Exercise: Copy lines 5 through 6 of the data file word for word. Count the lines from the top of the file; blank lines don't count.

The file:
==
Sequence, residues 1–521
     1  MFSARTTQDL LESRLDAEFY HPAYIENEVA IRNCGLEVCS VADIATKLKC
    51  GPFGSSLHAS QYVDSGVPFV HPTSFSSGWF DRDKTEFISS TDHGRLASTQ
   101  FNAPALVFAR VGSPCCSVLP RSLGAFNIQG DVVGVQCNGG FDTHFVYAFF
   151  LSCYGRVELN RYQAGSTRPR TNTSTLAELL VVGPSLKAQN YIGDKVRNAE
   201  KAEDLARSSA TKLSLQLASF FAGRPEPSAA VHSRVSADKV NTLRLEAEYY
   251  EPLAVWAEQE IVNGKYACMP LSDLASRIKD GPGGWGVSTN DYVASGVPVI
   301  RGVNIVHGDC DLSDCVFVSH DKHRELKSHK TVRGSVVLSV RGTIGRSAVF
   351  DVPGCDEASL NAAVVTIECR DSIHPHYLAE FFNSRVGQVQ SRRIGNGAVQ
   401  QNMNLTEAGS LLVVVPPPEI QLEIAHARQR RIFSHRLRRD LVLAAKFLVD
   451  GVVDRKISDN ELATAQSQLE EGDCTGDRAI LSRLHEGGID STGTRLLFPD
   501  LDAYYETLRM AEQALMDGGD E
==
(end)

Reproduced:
   151  LSCYGRVELN RYQAGSTRPR TNTSTLAELL VVGPSLKAQN YIGDKVRNAE
   201  KAEDLARSSA TKLSLQLASF FAGRPEPSAA VHSRVSADKV NTLRLEAEYY